Discussion
Deliberations on the Western Cape Cultural Commission


Mr P Marais (FF+) asked what the Cultural Commission has done about the removal of statues that are important to some cultures, and what has it done to protect Afrikaans, places, and monuments of cultural importance to certain cultural groups.

Ms Moleleki stated that there is a geographical committee within the Department, which focuses on renaming of names, offensive names, and removal and erection of monuments and memorials.

Ms A Bans (ANC) wanted to find out what the Cultural Commission has done in the past three years or its highlights, so that the Committee could know what to do going forward.

Ms Moleleki responded that it is recommended that Members should have an understanding of governance because responsibilities put on the commission are surrounded by governance requirements. For example, in the past she was the accounting authority of the Cultural Commission, overseeing financial and risk aspects and also ensuring effective and efficient management. That responsibility now resides with the Cultural Commission.

Ms L Botha (DA) requested for the Committee to be taken through the handover process from one commission to the next.

Ms Nerine Jeaven, Deputy Director: Arts and Culture, DCAS, informed the Committee the aim of the Cultural Commission is to preserve, promote and develop culture. This is done in various ways through the funding of cultural councils that are used to convey to communities and youth traditions, dance, music, and poetry. In the past, there were 13 programmes. For example, a stage production, Passage, was done to make people understand the concept behind initiation. The commission has further equipped facilities with much needed infrastructure so that organisations and communities could use these facilities as a way of conveying cultural messages. The Department also encouraged interaction amongst cultural councils and members to attend some of these events.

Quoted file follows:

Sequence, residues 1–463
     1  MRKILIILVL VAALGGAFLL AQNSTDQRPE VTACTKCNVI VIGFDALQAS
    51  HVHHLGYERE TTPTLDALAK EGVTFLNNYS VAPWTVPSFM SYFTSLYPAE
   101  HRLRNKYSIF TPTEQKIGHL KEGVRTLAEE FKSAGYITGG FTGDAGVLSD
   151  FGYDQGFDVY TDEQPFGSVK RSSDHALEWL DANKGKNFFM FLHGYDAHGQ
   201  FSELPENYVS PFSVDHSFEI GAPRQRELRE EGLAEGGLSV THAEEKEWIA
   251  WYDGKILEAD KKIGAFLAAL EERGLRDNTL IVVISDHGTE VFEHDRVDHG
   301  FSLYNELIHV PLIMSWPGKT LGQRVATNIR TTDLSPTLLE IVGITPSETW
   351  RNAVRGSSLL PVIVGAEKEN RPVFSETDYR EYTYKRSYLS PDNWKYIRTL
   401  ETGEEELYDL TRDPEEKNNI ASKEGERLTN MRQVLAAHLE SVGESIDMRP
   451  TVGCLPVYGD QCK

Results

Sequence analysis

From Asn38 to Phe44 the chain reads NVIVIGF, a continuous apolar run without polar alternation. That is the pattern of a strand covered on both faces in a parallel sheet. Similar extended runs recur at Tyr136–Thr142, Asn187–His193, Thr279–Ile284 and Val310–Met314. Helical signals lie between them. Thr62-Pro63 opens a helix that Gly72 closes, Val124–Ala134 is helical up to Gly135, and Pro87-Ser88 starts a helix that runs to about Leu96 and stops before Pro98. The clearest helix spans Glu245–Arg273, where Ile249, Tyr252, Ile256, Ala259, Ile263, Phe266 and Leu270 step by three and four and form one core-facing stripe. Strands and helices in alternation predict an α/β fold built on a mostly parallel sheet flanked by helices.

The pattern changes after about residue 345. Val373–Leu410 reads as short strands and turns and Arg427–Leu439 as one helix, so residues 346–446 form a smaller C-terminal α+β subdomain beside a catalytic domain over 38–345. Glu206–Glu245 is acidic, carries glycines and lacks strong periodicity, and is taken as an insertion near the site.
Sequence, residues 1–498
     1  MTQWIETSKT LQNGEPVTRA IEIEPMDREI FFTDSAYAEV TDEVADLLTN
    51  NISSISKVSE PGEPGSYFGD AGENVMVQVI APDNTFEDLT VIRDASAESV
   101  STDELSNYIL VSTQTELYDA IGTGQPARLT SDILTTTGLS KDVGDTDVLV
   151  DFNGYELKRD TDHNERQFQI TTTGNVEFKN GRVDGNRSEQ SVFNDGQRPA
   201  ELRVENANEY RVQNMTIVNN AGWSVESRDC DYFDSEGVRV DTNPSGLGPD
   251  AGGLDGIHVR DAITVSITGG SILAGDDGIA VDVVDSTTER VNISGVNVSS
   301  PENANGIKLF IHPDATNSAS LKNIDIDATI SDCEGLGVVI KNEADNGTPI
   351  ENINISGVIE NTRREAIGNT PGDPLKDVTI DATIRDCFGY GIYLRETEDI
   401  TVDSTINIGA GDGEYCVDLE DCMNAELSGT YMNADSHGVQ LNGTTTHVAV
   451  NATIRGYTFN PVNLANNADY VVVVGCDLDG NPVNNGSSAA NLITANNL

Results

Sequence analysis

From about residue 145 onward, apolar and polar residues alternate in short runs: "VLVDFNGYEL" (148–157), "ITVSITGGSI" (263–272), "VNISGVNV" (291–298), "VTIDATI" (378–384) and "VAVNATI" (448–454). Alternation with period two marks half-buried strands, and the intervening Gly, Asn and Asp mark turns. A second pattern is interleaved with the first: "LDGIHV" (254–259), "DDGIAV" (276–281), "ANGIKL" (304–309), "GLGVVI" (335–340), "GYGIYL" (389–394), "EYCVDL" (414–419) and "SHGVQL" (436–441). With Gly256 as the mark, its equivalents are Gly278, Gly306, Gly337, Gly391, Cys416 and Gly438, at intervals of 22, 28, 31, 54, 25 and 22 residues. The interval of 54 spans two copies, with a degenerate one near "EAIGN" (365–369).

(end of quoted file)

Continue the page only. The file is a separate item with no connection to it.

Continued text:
Mr Marais wanted to know what was being done to prevent dominant cultures from destroying minority cultures and what has been done to protect Afrikaans in Stellenbosch and other tertiary campuses.

Ms Moleleki explained that in the promotion and preservation of languages, the role of the commission is to advise the minister of cultural affairs and sport on matters concerning culture and languages. The commission meets four times a year and has got sub-committees that also meet four times a year. The focus is on the preservation of culture, including languages as well. That is executed within the Department and these are reflected in the annual report.

Mr Zukile Jama, Deputy Chairperson, Western Cape Cultural Commission, added that the discussion is very healthy, especially when it comes to the preservation and promotion of indigenous languages in tertiary institutions because it underlines the problem. Multilingualism is expedient. The Western Cape University works closely with the department on these matters. The university started with a colloquial, which was a collaboration between the departments of isiXhosa and Afrikaans. The aim was to keep having a conversation in these two languages. The dominance of English is not necessarily the standard. For the past two years, there has been a colloquy on mother tongue collaboration with isiXhosa, Afrikaans, Swahili, and Khoi San languages. This culminated in making an application to the university to offer short courses in KiSwahili and Khoi San languages so that they could be developed into fully fledged university courses. The use of languages has been identified as an important tool for social cohesion in our communities. The possibility of accommodating Sesotho speakers in the province is being discussed. The UWC is trying to teach isiXhosa in Afrikaans and vice versa to bring more synergies in our communities.

Deliberations on the Western Cape Language Committee
Mr Marais remarked that the Committee should investigate how to prevent Afrikaans from being dominated by other languages because he feels he has been prevented of speaking Afrikaans in the Committee meetings yet 49% of his constituency in the province is Afrikaans speaking people. Members must not be forced to speak English, which is spoken by a minority.